The DTN article added that, “Winter wheat harvest is at 33%, compared to 16% last week and a five-year average of 31%. Winter wheat condition is holding steady at 44% poor to very poor and 25% good to excellent.”
A news release yesterday from Cargill indicated that, “Cargill, one of the largest pork producers in the U.S., is continuing its commitment of moving to group housing for its sows that produce hogs for pork. Company owned facilities will be 100 percent group housing by the end of calendar 2015. Contract hog farms that contain Cargill-owned sows will transition to 100 percent group housing by the end of calendar 2017. The hogs produced by Cargill-owned sows represent approximately 30 percent of the total hogs harvested annually at the company’s two pork processing facilities in Illinois and Iowa.”
The update noted that, “Based upon the timetable Cargill has set up for completing the transition to group housing for gestating sows, the company will be prepared to support ‘early adopter’ customers seeking pork products from alternative sow housing in the next few years.”
The House Appropriations Committee will markup the FY15 Agriculture spending bill this morning, the bill is available here, while the Committee draft report can be found here.
In part, the draft report states that, “The Committee is concerned about the challenges and costs that local schools face in implementing the various regulations from the Healthy, Hunger-Free Kids Act of 2010. Schools from across the Nation have expressed concern with increased food costs and plate waste coupled with decreased participation in the National School Lunch Program (NSLP), all of which is resulting in at least half of all school food authorities to experience a decline in revenue. A February 27, 2014, GAO report found that student participation in the NSLP declined by 1.2 million students from school year 2010–11 through school year 2012–13. Additional meal requirements are scheduled to be implemented in the 2014–15 school year as well as the ‘Smart Snacks in School’ interim final rule.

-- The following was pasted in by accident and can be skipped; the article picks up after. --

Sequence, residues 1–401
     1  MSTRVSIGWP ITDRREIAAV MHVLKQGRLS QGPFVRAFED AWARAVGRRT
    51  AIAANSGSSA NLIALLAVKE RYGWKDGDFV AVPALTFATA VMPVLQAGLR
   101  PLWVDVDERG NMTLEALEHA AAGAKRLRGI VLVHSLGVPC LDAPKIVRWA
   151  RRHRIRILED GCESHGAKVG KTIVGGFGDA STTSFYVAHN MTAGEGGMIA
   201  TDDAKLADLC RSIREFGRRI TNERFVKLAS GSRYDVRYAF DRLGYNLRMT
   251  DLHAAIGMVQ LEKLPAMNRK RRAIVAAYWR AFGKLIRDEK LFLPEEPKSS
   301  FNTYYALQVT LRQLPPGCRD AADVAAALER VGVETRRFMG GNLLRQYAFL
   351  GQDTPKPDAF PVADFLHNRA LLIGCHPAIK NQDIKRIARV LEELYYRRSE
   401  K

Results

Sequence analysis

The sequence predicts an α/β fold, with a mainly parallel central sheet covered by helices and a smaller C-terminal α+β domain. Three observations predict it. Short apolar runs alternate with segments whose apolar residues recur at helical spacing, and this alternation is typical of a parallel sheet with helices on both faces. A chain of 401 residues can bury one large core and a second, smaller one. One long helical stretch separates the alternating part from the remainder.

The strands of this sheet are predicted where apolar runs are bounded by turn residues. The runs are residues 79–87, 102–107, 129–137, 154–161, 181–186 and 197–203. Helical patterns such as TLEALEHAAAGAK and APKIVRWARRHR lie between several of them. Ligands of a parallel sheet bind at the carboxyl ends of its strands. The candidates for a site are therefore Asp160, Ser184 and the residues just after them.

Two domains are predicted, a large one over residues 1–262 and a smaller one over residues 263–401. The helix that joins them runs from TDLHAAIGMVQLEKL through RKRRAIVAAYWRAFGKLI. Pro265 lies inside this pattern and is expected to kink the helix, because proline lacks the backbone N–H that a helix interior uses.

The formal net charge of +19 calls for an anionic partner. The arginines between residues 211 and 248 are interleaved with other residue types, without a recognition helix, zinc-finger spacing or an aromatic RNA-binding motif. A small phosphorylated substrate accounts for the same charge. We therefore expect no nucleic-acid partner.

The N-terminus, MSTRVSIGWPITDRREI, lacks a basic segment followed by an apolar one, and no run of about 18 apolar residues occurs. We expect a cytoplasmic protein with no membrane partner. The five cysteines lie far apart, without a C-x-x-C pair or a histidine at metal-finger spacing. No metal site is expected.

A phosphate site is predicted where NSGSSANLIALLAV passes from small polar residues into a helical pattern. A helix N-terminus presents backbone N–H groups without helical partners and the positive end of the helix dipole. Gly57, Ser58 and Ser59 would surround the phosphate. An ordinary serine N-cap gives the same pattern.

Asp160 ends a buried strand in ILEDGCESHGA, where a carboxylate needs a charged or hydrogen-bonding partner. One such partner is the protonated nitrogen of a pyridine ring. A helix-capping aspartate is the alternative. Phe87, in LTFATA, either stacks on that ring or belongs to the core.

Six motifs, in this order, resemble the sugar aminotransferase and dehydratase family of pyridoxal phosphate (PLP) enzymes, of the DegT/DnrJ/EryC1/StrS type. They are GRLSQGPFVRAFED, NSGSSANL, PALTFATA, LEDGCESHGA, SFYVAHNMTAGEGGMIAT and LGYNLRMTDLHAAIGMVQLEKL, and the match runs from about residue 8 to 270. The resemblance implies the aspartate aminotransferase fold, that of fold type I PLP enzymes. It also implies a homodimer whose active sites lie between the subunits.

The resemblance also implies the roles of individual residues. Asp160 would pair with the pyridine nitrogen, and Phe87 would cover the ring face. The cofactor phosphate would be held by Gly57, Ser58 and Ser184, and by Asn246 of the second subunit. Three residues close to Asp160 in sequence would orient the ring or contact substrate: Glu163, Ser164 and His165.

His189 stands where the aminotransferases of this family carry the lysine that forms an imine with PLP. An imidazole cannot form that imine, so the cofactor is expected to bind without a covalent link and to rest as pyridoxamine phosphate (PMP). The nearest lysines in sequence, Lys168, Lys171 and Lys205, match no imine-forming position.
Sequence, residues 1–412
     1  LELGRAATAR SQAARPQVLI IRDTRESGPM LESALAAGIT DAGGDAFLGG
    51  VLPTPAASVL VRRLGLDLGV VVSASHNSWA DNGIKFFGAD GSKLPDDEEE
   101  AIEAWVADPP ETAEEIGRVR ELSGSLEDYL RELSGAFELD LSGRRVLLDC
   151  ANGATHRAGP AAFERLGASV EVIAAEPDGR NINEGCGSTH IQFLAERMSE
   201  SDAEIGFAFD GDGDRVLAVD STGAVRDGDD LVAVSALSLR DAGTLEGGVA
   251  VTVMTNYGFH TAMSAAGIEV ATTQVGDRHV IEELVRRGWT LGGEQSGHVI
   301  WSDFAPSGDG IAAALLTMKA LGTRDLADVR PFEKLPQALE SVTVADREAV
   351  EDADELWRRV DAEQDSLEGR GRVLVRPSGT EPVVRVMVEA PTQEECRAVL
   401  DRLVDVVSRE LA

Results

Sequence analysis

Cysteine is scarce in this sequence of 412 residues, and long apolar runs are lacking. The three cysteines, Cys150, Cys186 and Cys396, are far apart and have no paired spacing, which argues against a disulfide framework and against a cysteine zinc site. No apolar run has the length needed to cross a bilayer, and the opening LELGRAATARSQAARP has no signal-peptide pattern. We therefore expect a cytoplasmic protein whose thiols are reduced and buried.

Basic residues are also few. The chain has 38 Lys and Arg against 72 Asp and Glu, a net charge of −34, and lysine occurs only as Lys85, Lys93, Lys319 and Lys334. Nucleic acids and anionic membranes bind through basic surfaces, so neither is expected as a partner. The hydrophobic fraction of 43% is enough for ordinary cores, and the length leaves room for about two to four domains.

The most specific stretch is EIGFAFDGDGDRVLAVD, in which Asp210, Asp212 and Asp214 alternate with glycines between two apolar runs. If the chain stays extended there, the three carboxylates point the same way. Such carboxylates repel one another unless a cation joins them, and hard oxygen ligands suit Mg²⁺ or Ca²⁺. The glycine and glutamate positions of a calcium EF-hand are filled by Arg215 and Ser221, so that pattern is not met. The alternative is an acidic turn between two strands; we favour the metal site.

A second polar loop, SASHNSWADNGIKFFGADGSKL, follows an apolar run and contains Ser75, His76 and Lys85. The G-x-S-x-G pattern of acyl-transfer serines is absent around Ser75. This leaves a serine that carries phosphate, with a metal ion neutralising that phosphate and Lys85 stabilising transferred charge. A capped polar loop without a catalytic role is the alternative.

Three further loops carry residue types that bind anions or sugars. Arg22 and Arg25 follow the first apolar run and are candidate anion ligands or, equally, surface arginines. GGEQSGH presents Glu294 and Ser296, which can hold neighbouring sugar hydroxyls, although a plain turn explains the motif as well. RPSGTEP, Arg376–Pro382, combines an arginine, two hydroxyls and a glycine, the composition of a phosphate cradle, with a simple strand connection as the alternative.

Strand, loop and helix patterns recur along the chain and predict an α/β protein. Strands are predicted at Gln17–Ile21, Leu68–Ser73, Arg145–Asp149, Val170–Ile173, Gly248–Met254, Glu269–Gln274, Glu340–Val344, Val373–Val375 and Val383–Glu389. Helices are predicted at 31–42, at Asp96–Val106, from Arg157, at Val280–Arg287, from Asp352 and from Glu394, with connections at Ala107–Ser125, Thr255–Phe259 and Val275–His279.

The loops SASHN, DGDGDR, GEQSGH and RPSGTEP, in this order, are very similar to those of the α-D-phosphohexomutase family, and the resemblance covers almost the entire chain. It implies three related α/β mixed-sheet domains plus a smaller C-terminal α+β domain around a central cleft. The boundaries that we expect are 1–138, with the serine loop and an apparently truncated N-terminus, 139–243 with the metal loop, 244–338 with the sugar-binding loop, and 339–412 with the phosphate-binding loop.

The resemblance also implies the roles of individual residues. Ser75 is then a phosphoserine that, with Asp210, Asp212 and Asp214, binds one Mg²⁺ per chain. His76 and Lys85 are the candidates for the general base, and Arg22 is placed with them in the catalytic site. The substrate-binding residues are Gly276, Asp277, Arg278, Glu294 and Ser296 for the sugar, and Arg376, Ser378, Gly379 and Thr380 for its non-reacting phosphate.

“To address the concerns of local schools, the FY 2014 conference report directed the Secretary to establish a waiver process for schools incurring costs to provide more time to comply with some of these regulations. On March 14, 2014, the Secretary responded he did not have the statutory authority to grant such waivers. Therefore, the Committee includes bill language that provides schools with flexibility by allowing schools experiencing a financial loss for at least a six-month period to seek a waiver from compliance with the final regulations. The Committee directs USDA to implement this provision in a timely and streamlined manner. Schools receiving a waiver under this provision shall, at a minimum, implement the nutrition standards in effect prior to the final rule issued on January 26, 2012. The bill language does not provide for a change in reimbursement rates and only applies to the 2014–15 school year.”
AP writer John Flesher reported yesterday that, “The U.S. Department of Agriculture is teaming with businesses, nonprofits and others on a five-year, $2.4 billion program that will fund locally designed soil and water conservation projects nationwide, Secretary Tom Vilsack said Tuesday.
“Authorized by the new farm law enacted earlier this year, the Regional Conservation Partnership Program is intended to involve the private sector more directly in planning and funding environmental protection initiatives tied to agriculture [see related USDA video].
“‘It’s a new approach to conservation that is really going to encourage people to think in very innovative and creative ways,’ Vilsack said.”
“From white potatoes to Pacific salmon and even cigars, the nearly three-hour meeting had a bit of everything. And behind the scenes, first lady Michelle Obama pushed — with some success — for last-day compromises protecting nutrition standards for children.”